The San Lorenzo market is a bit of a tourist souk, but the Mercato di Sant’Ambrogio has an authentic, neighborhood feel to it. Florentines come here to do their daily shopping, grab a coffee, and chew over the local politics. Inside are meat, poultry and fish stalls, delis selling a tempting selection of cheeses, prosciutto, salad and other goodies while outside, stalls groaning with fresh fruit and vegetables rub shoulders with vendors selling clothing, household goods and flowers. For a budget lunch after your shopping, join the queue for a formica-topped table at Rocco’s tiny trattoria inside the market building.
Address: Piazza Lorenzo Ghiberti Opening hours: Mon-Sat, 7am-2pm
Santa Maria Novella, San Lorenzo and the west
Officina Profumeria Santa Maria Novella
It may be a global brand these days, but Florence is home to the original Officina Profumo-Farmaceutica di Santa Maria Novella, a splendid 13th-century frescoed chapel that houses one of the oldest herbal pharmacies in the world. A heady mix of spices, earthy herbs and fragrant flowers hits you as you enter the main shop where mahogany and glass cabinets are overflowing with ‘the best soaps in the world’ (the rose is particularly wonderful), lotions and potions of all kinds plus. more eclectic herbal remedies such as ‘anti-hysteria’ smelling salts. A great spot for presents!
All that glitters is not gold, but in the case of Ornella Aprosio’s bead jewelery, it’s no less covetable for that. Everything you see in this gorgeous shop is made up of miniscule beads, either Murano glass or Bohemian crystal, following a tradition that dates back to the latter 16th century. Aprosio’s designs (bracelets, earrings, necklaces, brooches, belts and evening bags) range from classic pieces (a pair of simple sphere earrings or a single bangle) to some extraordinarily intricate designs such as a shimmering beetle complete with beaded antennae and wings.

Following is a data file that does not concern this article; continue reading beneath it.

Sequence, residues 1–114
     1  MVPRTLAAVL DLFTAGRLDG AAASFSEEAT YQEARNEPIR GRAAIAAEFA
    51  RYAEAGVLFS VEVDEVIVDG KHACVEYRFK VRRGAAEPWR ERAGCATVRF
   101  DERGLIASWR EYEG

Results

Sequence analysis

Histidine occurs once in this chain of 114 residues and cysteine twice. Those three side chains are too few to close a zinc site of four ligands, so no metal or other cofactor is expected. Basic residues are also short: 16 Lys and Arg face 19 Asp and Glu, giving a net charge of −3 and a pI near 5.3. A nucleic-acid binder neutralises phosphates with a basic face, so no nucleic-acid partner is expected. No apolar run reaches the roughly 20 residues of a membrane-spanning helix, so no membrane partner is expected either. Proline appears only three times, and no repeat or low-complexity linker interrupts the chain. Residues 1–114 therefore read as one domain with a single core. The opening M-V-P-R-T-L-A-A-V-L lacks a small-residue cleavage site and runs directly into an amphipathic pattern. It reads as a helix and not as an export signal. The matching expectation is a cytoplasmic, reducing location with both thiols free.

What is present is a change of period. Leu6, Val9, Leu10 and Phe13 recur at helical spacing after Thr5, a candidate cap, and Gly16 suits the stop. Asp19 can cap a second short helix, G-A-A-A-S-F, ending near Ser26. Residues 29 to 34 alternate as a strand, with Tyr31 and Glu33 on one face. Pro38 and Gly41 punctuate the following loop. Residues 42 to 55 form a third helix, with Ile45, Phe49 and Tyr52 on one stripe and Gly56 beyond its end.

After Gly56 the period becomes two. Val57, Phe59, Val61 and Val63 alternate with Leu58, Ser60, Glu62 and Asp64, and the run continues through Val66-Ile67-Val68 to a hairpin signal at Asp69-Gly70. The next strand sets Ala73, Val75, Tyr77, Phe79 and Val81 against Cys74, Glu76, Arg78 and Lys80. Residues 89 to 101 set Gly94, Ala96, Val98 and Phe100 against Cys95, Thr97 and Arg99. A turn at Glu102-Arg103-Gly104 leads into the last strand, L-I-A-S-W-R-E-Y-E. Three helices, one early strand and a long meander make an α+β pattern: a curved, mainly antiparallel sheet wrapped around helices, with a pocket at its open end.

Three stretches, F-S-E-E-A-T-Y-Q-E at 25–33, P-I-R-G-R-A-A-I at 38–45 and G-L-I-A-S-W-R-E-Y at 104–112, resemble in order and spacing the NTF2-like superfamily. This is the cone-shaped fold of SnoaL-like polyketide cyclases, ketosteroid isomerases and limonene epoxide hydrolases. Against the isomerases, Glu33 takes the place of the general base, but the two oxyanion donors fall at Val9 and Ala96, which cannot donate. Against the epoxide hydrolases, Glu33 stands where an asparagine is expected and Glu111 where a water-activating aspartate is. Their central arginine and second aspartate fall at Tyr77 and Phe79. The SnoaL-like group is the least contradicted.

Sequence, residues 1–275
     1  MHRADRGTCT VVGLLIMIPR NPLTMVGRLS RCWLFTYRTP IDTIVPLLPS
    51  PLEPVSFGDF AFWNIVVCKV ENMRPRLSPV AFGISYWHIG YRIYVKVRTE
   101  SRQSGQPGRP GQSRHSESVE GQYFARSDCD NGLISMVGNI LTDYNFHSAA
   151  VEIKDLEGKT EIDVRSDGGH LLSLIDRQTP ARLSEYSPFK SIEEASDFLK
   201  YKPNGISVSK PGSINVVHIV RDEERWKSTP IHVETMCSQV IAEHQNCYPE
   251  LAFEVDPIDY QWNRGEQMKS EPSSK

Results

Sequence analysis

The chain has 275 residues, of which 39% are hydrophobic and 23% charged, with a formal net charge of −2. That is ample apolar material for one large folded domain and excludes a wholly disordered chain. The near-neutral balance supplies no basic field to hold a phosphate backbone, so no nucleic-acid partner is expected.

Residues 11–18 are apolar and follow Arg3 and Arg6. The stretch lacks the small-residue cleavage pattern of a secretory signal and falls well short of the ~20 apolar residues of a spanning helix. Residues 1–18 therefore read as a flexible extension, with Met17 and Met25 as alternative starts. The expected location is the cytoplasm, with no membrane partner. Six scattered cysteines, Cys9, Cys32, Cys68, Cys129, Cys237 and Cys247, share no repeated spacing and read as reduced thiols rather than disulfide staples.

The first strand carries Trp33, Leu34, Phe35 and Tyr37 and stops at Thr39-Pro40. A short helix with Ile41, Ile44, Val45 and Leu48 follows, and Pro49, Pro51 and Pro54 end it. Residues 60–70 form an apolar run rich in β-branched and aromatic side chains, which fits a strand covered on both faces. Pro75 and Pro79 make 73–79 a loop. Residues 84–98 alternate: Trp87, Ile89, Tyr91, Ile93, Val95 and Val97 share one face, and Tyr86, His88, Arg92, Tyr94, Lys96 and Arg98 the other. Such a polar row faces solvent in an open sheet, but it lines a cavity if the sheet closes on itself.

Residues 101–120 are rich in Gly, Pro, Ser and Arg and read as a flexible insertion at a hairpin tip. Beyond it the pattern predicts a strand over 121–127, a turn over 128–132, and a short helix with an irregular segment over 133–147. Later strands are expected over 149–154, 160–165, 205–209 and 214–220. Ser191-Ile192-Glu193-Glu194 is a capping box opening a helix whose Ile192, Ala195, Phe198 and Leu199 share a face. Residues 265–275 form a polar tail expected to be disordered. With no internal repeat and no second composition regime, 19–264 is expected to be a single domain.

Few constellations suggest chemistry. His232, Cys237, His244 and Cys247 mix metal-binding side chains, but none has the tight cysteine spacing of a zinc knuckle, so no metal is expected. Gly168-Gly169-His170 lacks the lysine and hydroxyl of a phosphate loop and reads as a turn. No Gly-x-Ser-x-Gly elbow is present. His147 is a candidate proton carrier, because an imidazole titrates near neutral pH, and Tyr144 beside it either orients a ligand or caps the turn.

While the ground floor of the 19th-century glass and iron structure that is Florence’s main produce market houses the stalls where the locals do their shopping, the first floor has been converted into a spectacular food hall showcasing the very best food and drink that Italy has. to offer. Come here to gorge on freshly made mozzarella, fresh pasta with truffles, Sicilian arancini, and Neapolitan pizza, while sipping on craft beers, Tuscan wines and frothy cappuccinos. This is a great evening venue too with regular live music and other fun events to attend.
Price: Free entrance; food and drinks £-££
The tradition of paper marbling and book binding in Florence dates back centuries, but it is still a thriving art in the city, and these unique papers and leather-bound volumes make great presents. Canadian Erin Ciulla is one of a new generation of artisans; she works within the context of a traditional artisan bottega, occupying the ground floor of a grand palazzo, producing exquisite diaries, albums and picture frames using centuries-old techniques. She also has an eye for more eccentric designs and modern materials using wood, elastic and even the inner tubes of bicycles.
If you’re looking to treat yourself to the perfect pair of gloves, this diminutive, no-frills little shop just south of the Ponte Vecchio is the place to head for. Wooden shelves and slim drawers are teeming with packets of enticing-looking handwear; if what you want isn’t in the shop, someone will slip out the back to the on-site factory to see if they can find it there. The exquisitely-fashioned, comfortable gloves for both men and women come in a vast variety of colors and styles in the softest leather imaginable, with some lined in fine wool, silk or cashmere.